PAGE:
Sparkling Logic are being SMARTS with Decisions

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Content Copyright © 2016 Bloor. All Rights Reserved.

Sparkling Logic is a specialist software and consulting company in decision management. The company was founded in 2010 and has its headquarters in Sunnyvale, California. I was briefed at the end of January by Davorin Kuchan, their CEO and two of their founders, Carlos Serrano-Morales and Carole Ann Berlioz; both of whom are ex-Fair Isaac executives. The company has developed SMARTS, which combines Prescriptive Analytics and Enterprise Decision Management capabilities. Its objective is to capture and improve the decision logic for business decisions by helping experts share what they know and their interpretations of policies and regulations. Business analysts can define business rules and derive logic from data. This is combined with the ability to look for the rules in the actual underlying data of an organisation, thus allowing the decision logic that impacts a metric or objective.

Figure 1: Sparkling Logic’s SMARTS environment (Source: Sparkling Logic)

The business analyst workstation, PENCIL Decision Modeler, is sold separately as well as being part of SMARTS. It uses the Decision Model and Notation (DMN) standard of the Object Management Group (OMG) to model the decisions. DMN enables the user to document decision processes in a structured and formalised manner and enables linking to BPMN diagrams. PENCIL captures the business rules that define a decision or sub-decision in decision tables or text-based rules. These rules may be totally free-form, or use syntax. There is a glossary which allows a user to define their organisation’s terms, thus clarifying business meaning and standard use of terminology. Decision inputs and outputs can be added to the glossary. The terms in the glossary can be grouped into categories. The Rule Assist editor in PENCIL automatically completes and provides hints to the user when defining business rules. Once a decision model is complete it can be loaded to a SMARTS project, which then allows the model to be executed and tested using the simulation capabilities of SMARTS.

The Purpose of the DMN standard is to provide business decision (rules) which can be depicted in a diagrammatic notation. It allows both decision requirements and decision logic to be separated from the actual business process. The DMN standard is complementary to the BPMN standard. BPMN defines a special kind of activity, the Business Rule Task, which provides a mechanism for the process to provide input to a business rule engine and to get the output of calculations that the business rule engine might provide.

One of the real differentiators in SMARTS is the patented ‘design by doing’ approach called RedPen that allows business users to capture decision logic in the context of use cases and highlight using a red box around the identified fields that are referenced by the rule.

Figure 2: An example of RedPen in use (Source: Sparkling Logic)

The simulation capability allows the user to define KPI’s and metrics to track decision performance for decisions, documents and/or rules. Alternative decision strategies can then be compared against different data samples; these can be large datasets.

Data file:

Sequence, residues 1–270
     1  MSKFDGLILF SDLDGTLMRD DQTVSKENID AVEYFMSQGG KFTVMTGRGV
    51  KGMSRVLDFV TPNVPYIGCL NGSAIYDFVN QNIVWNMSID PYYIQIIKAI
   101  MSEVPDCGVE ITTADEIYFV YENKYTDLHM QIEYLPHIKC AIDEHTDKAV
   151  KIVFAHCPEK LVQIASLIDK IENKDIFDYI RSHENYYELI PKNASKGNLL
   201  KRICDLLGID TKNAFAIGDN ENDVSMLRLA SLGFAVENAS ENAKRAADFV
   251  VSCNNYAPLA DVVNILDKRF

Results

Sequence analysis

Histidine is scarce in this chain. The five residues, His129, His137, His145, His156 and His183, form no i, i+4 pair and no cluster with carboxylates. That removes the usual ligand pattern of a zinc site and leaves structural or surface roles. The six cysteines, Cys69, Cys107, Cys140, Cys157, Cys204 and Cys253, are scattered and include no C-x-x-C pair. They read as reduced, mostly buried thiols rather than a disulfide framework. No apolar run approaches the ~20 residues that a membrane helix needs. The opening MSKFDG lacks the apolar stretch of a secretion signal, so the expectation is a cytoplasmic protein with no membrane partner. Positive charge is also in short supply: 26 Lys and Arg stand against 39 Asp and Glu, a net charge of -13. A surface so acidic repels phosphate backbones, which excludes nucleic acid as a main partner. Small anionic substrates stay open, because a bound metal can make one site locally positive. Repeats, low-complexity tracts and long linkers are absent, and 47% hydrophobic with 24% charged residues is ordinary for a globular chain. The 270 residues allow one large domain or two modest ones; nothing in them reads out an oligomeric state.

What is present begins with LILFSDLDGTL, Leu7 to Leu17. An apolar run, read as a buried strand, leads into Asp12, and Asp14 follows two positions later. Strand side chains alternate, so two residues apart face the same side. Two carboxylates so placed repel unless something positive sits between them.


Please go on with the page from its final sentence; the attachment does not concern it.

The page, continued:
The big differentiator of SMARTS is its support of both decision management capabilities and prescriptive analysis techniques. SMARTS’s predictive analysis capabilities include Predictive Model Markup Language (PMML) import and Rules Induction. The latter uses another Sparkling Logic patent-pending capability called BluePen, which allows users to introduce rules from the underlying data by identifying predictors.

The Predictive Model Markup Language (PMML) is an XML-based predictive model interchange format that provides a way for analytic applications to describe and exchange predictive models produced by data mining and machine learning algorithms. It supports common models such as logistic regression and feed forward neural networks.

One of the key USPs that Sparkling Logic presents about SMARTS is what they term 4-D (Data, Dashboard, Discussions, Decision Logic). There are 4 key propositions in the products:

  • Data: Everything is done in context of using views of real data, familiar forms, and real metrics.
  • Dashboards: The impact of rules and rule changes on the data, outcomes and metrics is always shown immediately in the SMARTS Dashboard. RedPen and BluePen modules are good examples of this visibility.
  • Discussions: SMARTS is built on a collaborative platform that allows groups and teams to work together and share information. Ad-hoc discussions and task assignments can be captured and managed in the context of decision logic.
  • Decision Logic: The logic can be defined in a number of different ways which can be used together. Once captured SMARTS provides good simulation capabilities to test the accuracy and relevance in different situations

Sparkling Logic offer SMARTS both on-premise or in the Cloud. Its current customer base is in the financial services, insurance, distribution, government, energy and healthcare sectors. In these sectors, SMARTS has been used for Fraud Detection and Rapid Response, Compliance, Customer Acquisition and Management, Underwriting, Eligibility and Enrolments and Claims Processing. One of their customers, ABT Power Management, used SMARTS to combine data analytics from devices and remote sensors to drive compliance, repair, and maintenance decisions. The company has customers in Internet of Things and Industrial sectors.

Sparkling Logic’s SMARTS is definitely a solution in Bloor’s view that should be considered if an organisation is looking at decision management automation across any sector, whilst still providing all the necessary support for business rules management.